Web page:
e. Summary of Presentations: P&A provided two trainings to 34 new staff persons working for the New Mexico Division of Vocational Rehabilitation, the New Mexico Commission for the Blind, and the Section 121 Native American Vocational Rehabilitation programs at the Rehabilitation Academy. The training topics included the CAP, PABSS, and PAAT programs at DRNM, and an overview of ADA provisions related to employment. DRNM also provided training to Native American families at the EPICS (Educating Parents of Indian Children) conference in Albuquerque. The topics covered were the Rehabilitation Act, VR services, and transition services under the Section 121 programs and state vocational programs including DVR and the New Mexico Commission for the Blind. There were 32 participants in the session. We provided the same training to a group of 22 Native American school counselors/social workers from various Pueblos, and also discussed disability awareness, physical access, program access, and community services. This was an event sponsored by the Native American program at UNM. ** Staff provided training on CAP and employment rights to clients of the job club that meets quarterly at the Belen office of DVR (in central New Mexico); the club is sponsored by Desert Bloom Rehabilitation. There are 8 to 10 participants each quarter. ** DRNM provided training to Transition Specialists for the Albuquerque Public School system, which is the state’s largest school district. The training focused on transition of youth with severe developmental disabilities, rights, self-determination, and vocational programs available to those students to assist with the transition process. We discussed CAP services and how CAP could facilitate VR and transition services. There were 28 Transition Specialists at this event. CAP staff provided training on transition and VR services, as well as client rights, to participants of the ARC Leadership conference in southern New Mexico. The training focused on ‘informed choice”, self-determination and self-advocacy, and was provided in both Spanish and English. We also covered the implementation of Order of Selection. This was part of our outreach to underserved and rural areas. CAP staff met with the VR staff from the Rio Rancho, Las Vegas, and Las Cruces offices of DVR to train on ADA, CAP and self advocacy. There were 58 participants. Our goal is to provide training to each area office for NMDVR and the NM Commission for the Blind. We will continue with this goal in the coming year. DRNM provided training to the Department of Labor Workforce staff on the Rehabilitation Act, VR services, “Disability Awareness”, and also training on ADA and Title I. There were three sessions and 20 participants at each session for a total of 60 participants. In summary, CAP staff at DRNM conducted a total of 10 trainings with a total of 280 participants. DRNM/CAP also participated in 14 informational fairs in which we distributed CAP brochures and provided information to participants. Of the 14 fairs, 6 were targeted outreach to minorities and underserved populations. **Underserved and minority populations. f. Involvement with Advisory Boards: There is no separate advisory board or committee for the CAP program, but CAP staff work closely with various consumer, family and advocacy organizations interested in training and employment for persons with disabilities. The CAP Coordinator currently serves as the Chairperson of the State Rehabilitation Council for both general services and blind services. Our agency Director serves as the Chair of the Steering Committee for the Disability Coalition, a statewide group of organizations and individuals advocating for persons with disabilities. The Steering Committee includes representation from two of the state’s Independent Living Centers as well as the Governor’s Commission on Disability, the state DD Planning Council, The Arc of New Mexico and DRNM. g. Outreach to unserved/underserved populations: The majority of New Mexicans are probably unserved/underserved since a majority of the state’s population is an ethnic/racial minority, most of the state is comprised of rural/frontier areas, and there are shortages of professional staff in virtually all parts of the state. CAP conducted considerable outreach to persons in rural areas and on Native American pueblos. As shown above, many of the trainings and outreach activities conducted by DRNM were focused on minority communities and areas outside the state’s major urban areas. In the course of the agency’s outreach and training efforts, CAP distributed approximately 2500 CAP brochures. h. Alternatives to Dispute Resolution: N/A i. Systemic Advocacy: 1. NM CAP staff meets with NMDVR Management Staff (Field Operations Directors) and the acting Director on a quarterly basis to discuss areas of service in which CAP and NMDVR can work together to improve services to NM participants. The Director for NMDVR retired so CAP staff have met with the Acting Director and discussed our concerns. CAP staff have also met with the Field Operations Directors who oversee the Area Managers. The focus of discussions included: • Presumptive eligibility requirements and the lack of explanation to SSA Beneficiaries. CAP staff has been working with the Ticket to Work Team and the Benefits Advisors who provide that service through NMDVR to help counselors provide better and more accurate information to SSA Beneficiaries. • Delays in receiving participant records once requested by CAP staff. NM CAP and DVR have agreed to address these issues by having each VR office’s administrative personnel act as the main point of contact when participant records are requested. This resolution worked for a short time and then there were several staff members who retired or moved on to other jobs. We have had to identify new contact staff until the positions are filled. • Financial participation NMDVR came up with a policy that utilized 130% of the federal poverty level to determine an obligation for client financial participation. The formula allows for extra expenses related to a disabling condition or medical expenses. However, many of our clients have debts due to their disability that were incurred when they were unemployed because of their disability. There were also VR counselors that utilized the policy in a way that was not intended. Some counselors would add up the total cost of the IPE and the use the formula for determining the total amount of money that participants had to come up with prior to providing services. This excluded many participants who needed services to maintain their jobs and young persons with disabilities who live with their families. We met NMDVR and also took this issue to the State Rehabilitation Council (SRC) for discussion and recommendations. This work resulted in a policy change that impacts participants in a positive way. They still look at 130% of the federal poverty level, but they take $5,000 off of the net income prior to determining the required level of financial participation by the client. 2. CAP staff submitted written comments on both the DVR state plan and the Commission for the Blind (CFB) state plan. 3. CAP continues to place an emphasis on monitoring the effects of Order of Selection (OOS) adopted by DVR three years ago and providing feedback to DVR. For the past two years DVR has served all categories and has not had a waiting list. Due to a number of vacant DVR staff positions, there had been reductions in the number of clients served monthly and in the total client service expenditures. Some areas continue to be slower than others improving services due to a continuing lack of staff. The administration of the VR agency has been working closely with the State Personnel Office to fill vacant positions as quickly as possible. However, with the retirement of the Acting Director, some personnel matters are on hold. j. Interesting Cases: Client 1 A 19-year old female client came to DRNM because NMDVR refused to pay tuition for a College Internship Program (CIP) in California. Our client requires basic independent living and foundational job skills in order to participate in the DVR process. After much research, it appeared clear that CIP was the only place she and her family had found where such support is provided. DVR was only willing to send the client somewhere in New Mexico for a traditional job training program. Traditional programs would not benefit this client without the initial focus on life skills that would be provided over a number of years by CIP. DRNM provided the client representation at every level of this process over a number of years. A CAP advocate worked with this client during DVR counselor meetings and a supervisory review. When the supervisory review was not in the client’s favor, the client was represented by a DRNM attorney at the fair hearing. The fair hearing also went against the client, but DRNM felt that our case was strong and we represented the client in an appeal to state district court. Fortunately, our client prevailed in her court appeal. However, disputes arose as to how the court order would be implemented, and the client required further assistance from DRNM. CAP staff represented her in mediation with DVR to resolve these problems. After years of work, all of the issues in this case were resolved in the client’s favor. Pursuant to the court order that was handed down last year and the mediation agreement which was negotiated by DRNM during FY 2014, DVR is now paying tuition and basic living expenses for the client and will continue to do so for the next few years while our client attends and completes this program.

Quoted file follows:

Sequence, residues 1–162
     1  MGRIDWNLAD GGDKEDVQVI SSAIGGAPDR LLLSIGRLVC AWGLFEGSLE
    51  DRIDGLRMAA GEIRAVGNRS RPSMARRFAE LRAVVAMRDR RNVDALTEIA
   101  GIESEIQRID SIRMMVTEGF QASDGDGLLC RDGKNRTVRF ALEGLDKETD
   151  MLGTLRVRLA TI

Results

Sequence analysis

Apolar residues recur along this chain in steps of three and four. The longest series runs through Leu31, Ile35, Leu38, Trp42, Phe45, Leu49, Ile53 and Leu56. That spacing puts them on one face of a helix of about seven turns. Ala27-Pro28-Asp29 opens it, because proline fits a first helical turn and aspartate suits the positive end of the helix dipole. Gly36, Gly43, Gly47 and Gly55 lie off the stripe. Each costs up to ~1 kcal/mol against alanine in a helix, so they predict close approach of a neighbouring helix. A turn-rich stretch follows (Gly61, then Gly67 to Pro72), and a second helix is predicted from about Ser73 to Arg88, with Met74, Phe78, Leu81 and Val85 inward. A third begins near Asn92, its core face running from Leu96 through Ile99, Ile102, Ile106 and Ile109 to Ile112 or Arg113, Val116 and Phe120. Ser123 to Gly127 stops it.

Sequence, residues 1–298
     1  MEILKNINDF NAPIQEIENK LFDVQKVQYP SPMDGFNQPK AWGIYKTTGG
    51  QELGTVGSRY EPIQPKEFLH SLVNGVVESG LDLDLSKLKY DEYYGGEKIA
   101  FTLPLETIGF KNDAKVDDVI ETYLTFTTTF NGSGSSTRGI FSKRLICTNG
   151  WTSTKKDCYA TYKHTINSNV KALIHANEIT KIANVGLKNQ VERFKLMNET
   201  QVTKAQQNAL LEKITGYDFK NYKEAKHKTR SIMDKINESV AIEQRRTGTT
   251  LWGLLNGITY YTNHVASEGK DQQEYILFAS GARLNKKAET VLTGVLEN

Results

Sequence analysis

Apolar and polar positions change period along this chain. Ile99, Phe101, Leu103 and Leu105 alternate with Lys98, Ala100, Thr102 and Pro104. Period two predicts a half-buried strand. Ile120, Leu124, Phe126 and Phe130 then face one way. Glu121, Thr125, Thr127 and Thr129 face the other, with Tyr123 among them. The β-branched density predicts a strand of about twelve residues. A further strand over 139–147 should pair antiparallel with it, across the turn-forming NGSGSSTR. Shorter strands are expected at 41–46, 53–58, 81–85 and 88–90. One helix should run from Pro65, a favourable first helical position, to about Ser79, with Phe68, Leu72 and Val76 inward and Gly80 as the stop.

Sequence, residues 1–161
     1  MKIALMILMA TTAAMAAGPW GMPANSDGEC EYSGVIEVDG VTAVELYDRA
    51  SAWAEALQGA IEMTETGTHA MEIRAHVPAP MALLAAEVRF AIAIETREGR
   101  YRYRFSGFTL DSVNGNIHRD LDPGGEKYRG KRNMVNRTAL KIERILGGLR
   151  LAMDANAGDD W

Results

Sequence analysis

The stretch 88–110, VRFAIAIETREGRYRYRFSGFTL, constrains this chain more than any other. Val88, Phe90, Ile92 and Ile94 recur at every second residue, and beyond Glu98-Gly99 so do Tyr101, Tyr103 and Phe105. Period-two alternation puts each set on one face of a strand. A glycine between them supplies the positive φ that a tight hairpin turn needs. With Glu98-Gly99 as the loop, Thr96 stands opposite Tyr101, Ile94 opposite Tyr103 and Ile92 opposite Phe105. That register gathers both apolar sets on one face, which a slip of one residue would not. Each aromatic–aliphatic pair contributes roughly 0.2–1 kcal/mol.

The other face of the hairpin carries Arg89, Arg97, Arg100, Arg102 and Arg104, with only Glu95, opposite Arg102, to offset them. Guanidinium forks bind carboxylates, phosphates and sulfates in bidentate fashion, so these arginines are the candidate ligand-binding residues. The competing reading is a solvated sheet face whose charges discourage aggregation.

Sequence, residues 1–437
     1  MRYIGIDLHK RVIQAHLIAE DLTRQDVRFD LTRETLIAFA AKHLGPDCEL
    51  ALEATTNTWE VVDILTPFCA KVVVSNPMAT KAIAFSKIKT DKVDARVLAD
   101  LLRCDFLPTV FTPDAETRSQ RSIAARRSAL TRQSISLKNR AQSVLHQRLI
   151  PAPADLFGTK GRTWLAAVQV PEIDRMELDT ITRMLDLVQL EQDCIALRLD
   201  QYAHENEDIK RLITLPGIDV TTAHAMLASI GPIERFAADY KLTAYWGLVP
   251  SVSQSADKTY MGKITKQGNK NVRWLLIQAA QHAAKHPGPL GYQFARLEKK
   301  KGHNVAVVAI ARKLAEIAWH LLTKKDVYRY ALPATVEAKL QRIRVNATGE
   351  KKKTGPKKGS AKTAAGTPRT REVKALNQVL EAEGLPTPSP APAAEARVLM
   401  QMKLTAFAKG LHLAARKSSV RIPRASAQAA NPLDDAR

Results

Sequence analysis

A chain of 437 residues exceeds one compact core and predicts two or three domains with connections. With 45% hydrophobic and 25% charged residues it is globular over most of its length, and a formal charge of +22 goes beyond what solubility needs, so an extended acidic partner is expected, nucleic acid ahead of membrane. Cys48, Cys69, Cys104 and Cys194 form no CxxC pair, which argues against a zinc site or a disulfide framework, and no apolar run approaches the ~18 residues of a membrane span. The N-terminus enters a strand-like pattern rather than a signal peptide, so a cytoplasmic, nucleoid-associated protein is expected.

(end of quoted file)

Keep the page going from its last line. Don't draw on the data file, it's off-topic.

Client 2 This client, a woman who is deaf, graduated from Gallaudet University with a Liberal Arts degree. She decided that she wanted to become an ASL interpreter, after 30 years working as a federal employee. She became a client of NMDVR so that she could attend classes. Her DVR counselor would not accept her goal, under the misapprehension that a person who is deaf cannot be an ASL interpreter. The client came to DRNM for help challenging DVR’s denial. DRNM’s advocate started by researching the profession, contacting the Commission for the Deaf and Hard of Hearing (CDHH) and other resources. We arranged a meeting with the DVR counselor, program director, CDHH staff, the client and our advocate, so that the DVR counselor could learn about the ASL interpreting profession. After that meeting, the counselor approved our client’s employment goal. The DVR counselor then helped our client arrange for on-the-job training at the NM School for the Deaf and Ameri-Corps in Santa Fe, Espanola, and Central NM locations. With DRNM advocacy, DVR further agreed to provide financial Vocational Rehabilitation services for our client to participate in CDI training in workshops within New Mexico. Our client is focusing on the sign language classes in Fall 2014. In the spring she plans to attend workshops or take an online class. In the summer of 2015, DVR and our client will look for intensive two week training. The biggest success for our client was that her counselor was educated about the professional position of a Certified Deaf Interpreter. DVR has experience hiring interpreters to provide communication access between DVR staff and deaf individuals. The concept that a person who is deaf could be certified as an interpreter was beyond their experiential learning. By having the staff from the CDHH explain the role of a deaf interpreter, the DVR counselor and Program Managers expanded their understanding of our client’s informed choice for employment.